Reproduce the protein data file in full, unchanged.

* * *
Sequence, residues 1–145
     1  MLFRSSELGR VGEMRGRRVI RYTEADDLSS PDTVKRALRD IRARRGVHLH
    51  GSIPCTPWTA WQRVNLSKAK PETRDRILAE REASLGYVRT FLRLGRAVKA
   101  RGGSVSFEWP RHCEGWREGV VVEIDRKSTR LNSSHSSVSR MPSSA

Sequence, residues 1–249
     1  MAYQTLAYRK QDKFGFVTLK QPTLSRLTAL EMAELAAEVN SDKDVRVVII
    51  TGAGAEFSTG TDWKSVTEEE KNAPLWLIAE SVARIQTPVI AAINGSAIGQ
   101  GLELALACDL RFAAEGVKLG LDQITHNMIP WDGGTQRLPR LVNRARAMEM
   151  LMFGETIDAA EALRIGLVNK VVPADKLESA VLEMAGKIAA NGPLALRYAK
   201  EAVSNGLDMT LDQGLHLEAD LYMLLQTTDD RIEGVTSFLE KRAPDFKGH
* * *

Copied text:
Sequence, residues 1–145
     1  MLFRSSELGR VGEMRGRRVI RYTEADDLSS PDTVKRALRD IRARRGVHLH
    51  GSIPCTPWTA WQRVNLSKAK PETRDRILAE REASLGYVRT FLRLGRAVKA
   101  RGGSVSFEWP RHCEGWREGV VVEIDRKSTR LNSSHSSVSR MPSSA

Sequence, residues 1–249
     1  MAYQTLAYRK QDKFGFVTLK QPTLSRLTAL EMAELAAEVN SDKDVRVVII
    51  TGAGAEFSTG TDWKSVTEEE KNAPLWLIAE SVARIQTPVI AAINGSAIGQ
   101  GLELALACDL RFAAEGVKLG LDQITHNMIP WDGGTQRLPR LVNRARAMEM
   151  LMFGETIDAA EALRIGLVNK VVPADKLESA VLEMAGKIAA NGPLALRYAK
   201  EAVSNGLDMT LDQGLHLEAD LYMLLQTTDD RIEGVTSFLE KRAPDFKGH